Originally posted by stereologist
There is a real danger from people that spout doom. You might think that it is just fun to rake in the money from the gullible, but the gullible can be drawn into great. That fear can end up in death and injury.
There has been at least one substantiated case in which a person killed themselves due to 2012 fears.
In October a group of doomsdayers listened to their so-called spiritual leader that had the idea an angel told him when the world would end. The group prepared to kill themselves, but the police broke up the threat.
On Thursday evening, 50 military policemen forced their way into the home and removed 19 babies and children after they received "credible" information that the group had planned to kill themselves by drinking poison. Police say that during the operation, a "significant quantity" of rat poison was found at the residence.
Remember that the quote was a newspaper article dated October 12.
Those people probably feel pretty good today. It has been 2 months since that end of the world date failed.
Will others fall for the claims of the con men that say the world is coming to an end, or will people begin to realize that these charlatans are preying on people?
Two different kettles of fish. A scammer specifically tells people to send him/her their money and promises some kind of reward. A doomsayer doesn't specifically tell people to commit suicide. I've read these people's websites and books out of curiosity. Not once have I ever seen or heard one say "When the end nears it will be horrific and traumatic, so you best put that .357 in your mouth and feed yourself a round to avoid the suffering."
When people commit suicide it's their own choice, plain and simple. And even if they were telling people to kill themselves, they still shouldn't be held responsible. The individual made the decision to go through with it. Nobody else made that decision for them.
Holding other people responsible for your conscious decisions doesn't hold up in the court of law, and it shouldn't here either.
"Mr. Jenkins, the convenience store security camera clearly shows that you were the one who robbed the owner at gunpoint last Thursday. How do you plead?"
"But, but, your honor... my friend is the one who told me to do it. He should be punished instead! I wasn't originally going to do it, but he talked me into it. I was pressured into doing it!"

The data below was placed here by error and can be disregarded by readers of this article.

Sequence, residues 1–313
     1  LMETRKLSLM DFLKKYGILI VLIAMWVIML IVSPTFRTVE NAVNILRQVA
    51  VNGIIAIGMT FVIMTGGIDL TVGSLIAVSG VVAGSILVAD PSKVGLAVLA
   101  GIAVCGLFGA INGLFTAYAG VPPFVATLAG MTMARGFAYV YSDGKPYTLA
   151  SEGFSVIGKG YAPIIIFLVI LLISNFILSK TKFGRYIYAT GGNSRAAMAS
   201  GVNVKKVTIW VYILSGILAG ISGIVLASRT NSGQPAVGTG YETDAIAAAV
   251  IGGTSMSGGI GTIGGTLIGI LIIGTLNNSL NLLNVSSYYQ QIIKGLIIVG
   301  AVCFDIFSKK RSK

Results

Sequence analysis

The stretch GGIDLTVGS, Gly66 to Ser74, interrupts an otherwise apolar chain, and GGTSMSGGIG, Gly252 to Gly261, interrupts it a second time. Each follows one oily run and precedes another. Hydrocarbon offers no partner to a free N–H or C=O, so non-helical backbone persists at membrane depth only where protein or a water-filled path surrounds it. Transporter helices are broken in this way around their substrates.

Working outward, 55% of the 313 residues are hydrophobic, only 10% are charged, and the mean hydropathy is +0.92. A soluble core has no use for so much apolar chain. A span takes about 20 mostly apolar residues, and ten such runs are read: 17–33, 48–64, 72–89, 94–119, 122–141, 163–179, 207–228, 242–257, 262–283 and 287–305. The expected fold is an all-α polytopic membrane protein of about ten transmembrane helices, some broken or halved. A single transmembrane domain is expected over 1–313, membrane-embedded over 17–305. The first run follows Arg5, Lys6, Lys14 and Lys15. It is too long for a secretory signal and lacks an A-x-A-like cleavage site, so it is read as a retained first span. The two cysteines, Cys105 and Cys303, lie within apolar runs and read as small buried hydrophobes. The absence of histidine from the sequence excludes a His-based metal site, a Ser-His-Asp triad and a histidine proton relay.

You know this whole argument falls apart when you apply analogies to it right? This same # goes on in so many different aspects it is unreal. The fact that you choose this specific analogy makes me wonder at your logic or why you don't attempt to argue the other aspects of this conundrum.
If you commit suicide that's nobody's fault but your own. Why not just wait for the world to end if that's what you believe. Stop trying to make people feel guilty for things that aren't there fault. That's is like me telling japan last year that an earthquake was coming. Should they commit suicide over it? Is it my fault if they do? Simply; no.
It's freedom of speech to discuss Earth changes and catastrophic scenarios.
Why are you focusing on the negative aspect of this?
Regarding those who are considering possible Earth changes that we have the freedom to discuss, do you think that there are more self-destructive people or more vigilant people?
I believe that for every two people who are scared of what may happen, there are 8 people who are using these discussions to prepare themselves and their families.
Frankly, your decision to focus on negativity is no better than those you're criticizing and calling doomsayers.
Hand cites studies by unnamed historians, who "calculate[d] that some 6 million heard the CBS broadcast; 1.7 million believed it to be true, and 1.2 million were 'genuinely frightened'". NBC's audience, by contrast, was an estimated 30 million.